[Tweakism] - Audun Kleive

Audun Kleive returns to Jazzland Recordings with his first solo album since 2012's "Release". Where "Release" was largely an atmospheric album exploring the use of the electronic Wavedrum, with occasional excursions into beat-driven material, "[Tweakism]" is a return to the angular experimentation of his "Generator X" project, but this time he does so entirely solo. 

The album opener, "Force de Trois" sets the mood of the album, and is probably classifiable as one of the most unhinged waltzes ever made, driving relentlessly throughout its 7+ minutes, creating an evolving patchwork of sounds and jagged atmospheres. "Procession" follows with a deconstructed retrofuturistic fanfare, while "Three Movements" takes minimal percussive elements to create a textural soundscape of skeletal beauty. "Nikola T" bristles like a sonic painting of its namesake's laboratory, both erratic and consistent in its approach. "Twerk" cranks up the beat once again, layering drum trackss along with howling and growling synthesisers. "Zeit" plinks with combed chimes and glacial drones, providing what is probably Kleive's most intimate dalliance with "ambient" music to date, although with the darker edge one would expect. "Dodgy Plonk jr" brings back the drums and as the title suggests, also reasserts Kleive's off-kilter humour, giving us the ultimate bad acid video game soundtrack. The album closes with "Universal Dancer", a steadily building piece that moves like both predator and prey, each swapping roles throughout the pursuit.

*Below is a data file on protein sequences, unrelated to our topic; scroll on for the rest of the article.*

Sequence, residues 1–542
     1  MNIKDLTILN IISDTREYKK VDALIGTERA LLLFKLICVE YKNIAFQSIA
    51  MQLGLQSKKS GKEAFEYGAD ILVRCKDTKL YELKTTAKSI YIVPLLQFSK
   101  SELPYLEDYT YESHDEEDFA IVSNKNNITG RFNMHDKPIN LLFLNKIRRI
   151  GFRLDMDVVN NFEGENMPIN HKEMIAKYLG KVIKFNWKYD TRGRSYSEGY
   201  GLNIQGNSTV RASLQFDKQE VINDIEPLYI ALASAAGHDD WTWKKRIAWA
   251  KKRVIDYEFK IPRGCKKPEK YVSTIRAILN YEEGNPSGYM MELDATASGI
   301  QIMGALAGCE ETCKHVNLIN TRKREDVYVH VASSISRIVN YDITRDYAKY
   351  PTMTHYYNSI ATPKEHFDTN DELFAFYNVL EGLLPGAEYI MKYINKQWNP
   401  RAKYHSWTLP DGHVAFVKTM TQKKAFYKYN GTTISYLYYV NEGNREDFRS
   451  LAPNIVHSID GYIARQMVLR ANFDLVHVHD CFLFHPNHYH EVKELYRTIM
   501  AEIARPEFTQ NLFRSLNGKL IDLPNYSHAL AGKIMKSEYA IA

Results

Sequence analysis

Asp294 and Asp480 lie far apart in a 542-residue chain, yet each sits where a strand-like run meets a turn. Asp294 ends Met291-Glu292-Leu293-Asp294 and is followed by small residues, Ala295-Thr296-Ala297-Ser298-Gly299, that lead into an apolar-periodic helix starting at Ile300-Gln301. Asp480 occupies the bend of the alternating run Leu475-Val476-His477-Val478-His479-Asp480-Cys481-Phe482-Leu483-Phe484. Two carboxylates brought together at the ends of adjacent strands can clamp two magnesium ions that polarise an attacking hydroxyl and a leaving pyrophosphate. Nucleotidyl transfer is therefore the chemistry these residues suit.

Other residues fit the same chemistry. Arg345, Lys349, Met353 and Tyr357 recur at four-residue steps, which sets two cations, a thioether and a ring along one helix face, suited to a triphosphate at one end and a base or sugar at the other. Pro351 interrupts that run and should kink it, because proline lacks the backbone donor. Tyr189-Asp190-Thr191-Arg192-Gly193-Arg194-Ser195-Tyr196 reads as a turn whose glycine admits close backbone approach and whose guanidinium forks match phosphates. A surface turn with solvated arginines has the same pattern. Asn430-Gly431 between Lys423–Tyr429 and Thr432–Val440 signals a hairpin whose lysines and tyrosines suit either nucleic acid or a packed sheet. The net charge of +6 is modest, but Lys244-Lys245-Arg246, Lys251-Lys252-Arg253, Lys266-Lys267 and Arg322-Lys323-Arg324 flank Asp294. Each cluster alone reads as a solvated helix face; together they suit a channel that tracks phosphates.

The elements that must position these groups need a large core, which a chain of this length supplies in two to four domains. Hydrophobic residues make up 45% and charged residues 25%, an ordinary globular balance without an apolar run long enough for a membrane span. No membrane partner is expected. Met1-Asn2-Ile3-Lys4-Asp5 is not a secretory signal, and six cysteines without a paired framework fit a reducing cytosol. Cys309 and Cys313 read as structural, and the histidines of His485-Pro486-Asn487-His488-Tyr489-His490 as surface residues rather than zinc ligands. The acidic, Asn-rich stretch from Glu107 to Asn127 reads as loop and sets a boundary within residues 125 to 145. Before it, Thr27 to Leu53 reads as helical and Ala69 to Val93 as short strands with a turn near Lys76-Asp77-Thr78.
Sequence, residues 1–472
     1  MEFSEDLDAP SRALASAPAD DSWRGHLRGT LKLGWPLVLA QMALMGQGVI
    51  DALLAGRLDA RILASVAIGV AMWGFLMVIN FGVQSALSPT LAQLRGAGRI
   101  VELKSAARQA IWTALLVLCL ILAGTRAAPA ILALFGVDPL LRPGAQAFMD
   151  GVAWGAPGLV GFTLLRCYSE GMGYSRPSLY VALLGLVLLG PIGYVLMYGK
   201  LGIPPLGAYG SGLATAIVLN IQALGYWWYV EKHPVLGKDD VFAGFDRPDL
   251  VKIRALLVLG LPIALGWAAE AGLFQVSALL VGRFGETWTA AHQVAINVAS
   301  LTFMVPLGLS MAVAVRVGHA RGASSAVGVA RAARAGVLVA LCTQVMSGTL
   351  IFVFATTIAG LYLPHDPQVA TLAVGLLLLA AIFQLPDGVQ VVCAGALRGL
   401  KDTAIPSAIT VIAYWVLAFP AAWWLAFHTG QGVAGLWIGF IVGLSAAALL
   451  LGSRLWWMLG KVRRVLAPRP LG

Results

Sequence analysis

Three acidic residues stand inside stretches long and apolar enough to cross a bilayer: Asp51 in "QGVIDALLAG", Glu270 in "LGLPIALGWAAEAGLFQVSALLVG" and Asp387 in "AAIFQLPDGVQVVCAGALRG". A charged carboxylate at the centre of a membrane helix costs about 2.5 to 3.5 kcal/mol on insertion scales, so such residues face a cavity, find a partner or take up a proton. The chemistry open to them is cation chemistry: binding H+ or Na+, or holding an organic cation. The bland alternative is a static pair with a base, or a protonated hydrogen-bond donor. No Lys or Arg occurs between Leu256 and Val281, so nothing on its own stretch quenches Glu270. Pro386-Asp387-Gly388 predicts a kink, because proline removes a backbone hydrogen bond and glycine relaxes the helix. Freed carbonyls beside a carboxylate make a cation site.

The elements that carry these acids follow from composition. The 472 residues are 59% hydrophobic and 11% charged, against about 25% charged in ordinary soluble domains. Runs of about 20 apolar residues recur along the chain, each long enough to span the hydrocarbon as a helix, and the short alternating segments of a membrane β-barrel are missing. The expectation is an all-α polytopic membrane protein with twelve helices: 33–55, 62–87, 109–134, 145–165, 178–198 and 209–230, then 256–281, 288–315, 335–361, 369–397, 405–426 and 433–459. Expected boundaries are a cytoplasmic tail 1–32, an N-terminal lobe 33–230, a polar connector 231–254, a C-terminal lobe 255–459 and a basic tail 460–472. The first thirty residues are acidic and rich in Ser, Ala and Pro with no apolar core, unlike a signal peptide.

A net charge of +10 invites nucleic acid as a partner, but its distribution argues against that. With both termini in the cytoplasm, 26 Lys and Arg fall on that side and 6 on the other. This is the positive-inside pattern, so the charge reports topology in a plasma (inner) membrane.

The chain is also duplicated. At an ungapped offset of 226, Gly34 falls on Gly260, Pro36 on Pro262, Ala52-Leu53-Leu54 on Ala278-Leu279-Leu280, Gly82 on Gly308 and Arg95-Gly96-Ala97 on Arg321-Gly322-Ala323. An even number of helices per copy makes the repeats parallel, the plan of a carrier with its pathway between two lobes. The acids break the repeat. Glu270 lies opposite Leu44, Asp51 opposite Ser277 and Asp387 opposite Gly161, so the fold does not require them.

Kleive is one of the most revered jazz drummers in the the Norwegian scene, having appeared on (almost literally) countless recordings throughout his career. However, in his solo incarnation, his will to explore presents a musician not to be held captive by labels or expectations. He builds musical structures from unlikely elements in unique forms, deliberately and skilfully avoiding cliché and obvious repetition, crafting his works with meticulous care and a critical ear. There are few artists so determined to be nothing but themselves.